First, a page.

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Labor Day, a national holiday celebrated the first Monday in September, means different things to different people – the end of summer, start of the school year, fall football and cooler weather.
For me, it’s an opportunity to recognize everyone who works to keep waterborne commerce moving through the Port of Galveston, especially with the additional challenges of a global pandemic. Throughout the COVID-19 threat, the port has remained open and commerce has continued to thrive thanks to our maritime workforce’s dedication to working safely.
They include the skilled union workers who move enormous wind tower pieces, and ship pilots and line handlers who work around the clock to move ships in and out of Galveston Harbor. I also want to recognize our business partners, including stevedores; shipping companies; our tenants; and, of course, the port staff.
Celebrating all American workers
What began 126 years ago as a national holiday to celebrate creation of the labor movement has, for many Americans, expanded to recognize the social and economic achievements of all workers who help make America the most productive nation in the world.
The port’s history and the legacy of waterfront jobs go back almost 200 years when the Congress of Mexico designated Galveston a provisional port and customs entry in 1825, following Mexico’s successful revolution from Spain. At that time, Galveston’s natural harbor was already a busy commercial hub. For decades, men did the back-breaking work of carrying cargo on and off of ships.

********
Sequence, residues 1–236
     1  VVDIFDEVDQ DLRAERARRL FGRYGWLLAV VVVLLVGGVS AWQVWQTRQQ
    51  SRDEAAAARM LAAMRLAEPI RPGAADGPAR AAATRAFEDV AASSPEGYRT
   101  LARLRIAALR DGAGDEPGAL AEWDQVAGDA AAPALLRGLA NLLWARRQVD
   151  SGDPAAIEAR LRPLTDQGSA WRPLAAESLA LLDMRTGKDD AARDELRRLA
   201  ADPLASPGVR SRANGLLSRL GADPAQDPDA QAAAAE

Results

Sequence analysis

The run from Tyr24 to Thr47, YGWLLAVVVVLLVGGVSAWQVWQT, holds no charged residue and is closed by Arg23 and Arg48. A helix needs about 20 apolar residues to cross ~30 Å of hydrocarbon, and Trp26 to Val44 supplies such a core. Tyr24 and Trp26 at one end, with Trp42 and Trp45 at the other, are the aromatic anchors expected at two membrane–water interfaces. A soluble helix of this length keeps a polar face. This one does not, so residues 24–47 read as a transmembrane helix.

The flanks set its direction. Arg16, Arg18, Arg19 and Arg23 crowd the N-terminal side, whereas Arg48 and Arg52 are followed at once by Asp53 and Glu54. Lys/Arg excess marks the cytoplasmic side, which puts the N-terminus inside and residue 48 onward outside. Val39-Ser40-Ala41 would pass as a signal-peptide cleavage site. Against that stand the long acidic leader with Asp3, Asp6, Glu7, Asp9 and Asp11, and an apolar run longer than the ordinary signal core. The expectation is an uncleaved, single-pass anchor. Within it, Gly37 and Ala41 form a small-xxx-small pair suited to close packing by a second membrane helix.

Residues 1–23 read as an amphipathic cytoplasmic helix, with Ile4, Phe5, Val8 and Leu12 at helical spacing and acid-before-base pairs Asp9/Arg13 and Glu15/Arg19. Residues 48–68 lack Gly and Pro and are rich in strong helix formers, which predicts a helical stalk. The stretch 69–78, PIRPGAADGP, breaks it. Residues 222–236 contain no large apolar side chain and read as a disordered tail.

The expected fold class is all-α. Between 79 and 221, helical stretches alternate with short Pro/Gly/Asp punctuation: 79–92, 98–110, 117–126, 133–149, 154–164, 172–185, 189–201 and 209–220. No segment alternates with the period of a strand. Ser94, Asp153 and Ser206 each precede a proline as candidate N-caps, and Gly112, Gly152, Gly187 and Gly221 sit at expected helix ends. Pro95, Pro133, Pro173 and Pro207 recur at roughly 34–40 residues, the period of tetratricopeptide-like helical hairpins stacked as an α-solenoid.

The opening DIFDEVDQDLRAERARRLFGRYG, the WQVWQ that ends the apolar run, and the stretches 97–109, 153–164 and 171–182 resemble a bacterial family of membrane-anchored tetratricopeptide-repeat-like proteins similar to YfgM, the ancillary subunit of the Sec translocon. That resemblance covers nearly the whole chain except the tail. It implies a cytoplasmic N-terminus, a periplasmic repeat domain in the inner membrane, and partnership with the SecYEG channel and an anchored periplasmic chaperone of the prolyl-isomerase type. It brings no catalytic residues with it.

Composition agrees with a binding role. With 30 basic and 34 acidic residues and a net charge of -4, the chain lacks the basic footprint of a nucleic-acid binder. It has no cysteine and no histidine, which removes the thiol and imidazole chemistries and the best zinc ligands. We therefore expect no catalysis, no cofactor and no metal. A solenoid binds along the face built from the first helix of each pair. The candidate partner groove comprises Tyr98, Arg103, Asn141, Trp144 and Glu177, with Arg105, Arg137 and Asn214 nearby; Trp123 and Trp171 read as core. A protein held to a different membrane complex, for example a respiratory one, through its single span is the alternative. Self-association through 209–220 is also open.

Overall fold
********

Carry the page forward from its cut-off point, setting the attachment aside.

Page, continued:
Labor unions vital to port success
Fast-forward to today and you’ll see men and women with the International Longshoremen’s Association (ILA) moving a range of cargoes using cranes, forklifts and other equipment. Breakbulk cargo, like bananas and cotton once carried by hand, is packed onto pallets and into containers.
Workers use cranes to move containers, huge wind turbine pieces and other large cargo off of ships and place them on trucks and rail cars. Workers drive new and used cars and a wide range of heavy equipment off of ships.
During normal times, union workers are also in the people business. Cruise passengers can thank ILA workers for greeting them at the curb and getting their luggage safely on and off the ship. ILA workers also resupply each cruise ship with food, beverages, cleaning supplies and just about everything else a cruise ship needs.
3 Locals, 1 Goal
Work on the waterfront is handled by three ILA groups with different jurisdictions and responsibilities. ILA Local 20 moves cargo on and off the ships. ILA 1504-8, chartered in 1933 by the ILA African American Warehouse Local, moves cargo once it’s off the ships. ILA Local 1665, historically known as the clerks and checkers, coordinates, logs and tracks cargo movements. They also are the timekeepers who accurately log hours worked for the three locals.
All three labor groups closely coordinate to safely and seamlessly move tons of cargo through the Port of Galveston around the clock. They do this in coordination with port staff, stevedores, ship lines, pilots and others.
Their dedication and hard work have helped us build a reputation as a port that takes great care of its customers.
As we celebrate Labor Day on Sept. 7, join me in recognizing the contributions of our port’s union workers – and all of the workers who have built and contribute to our nation’s strength and prosperity.
Wishing you all a safe and happy holiday.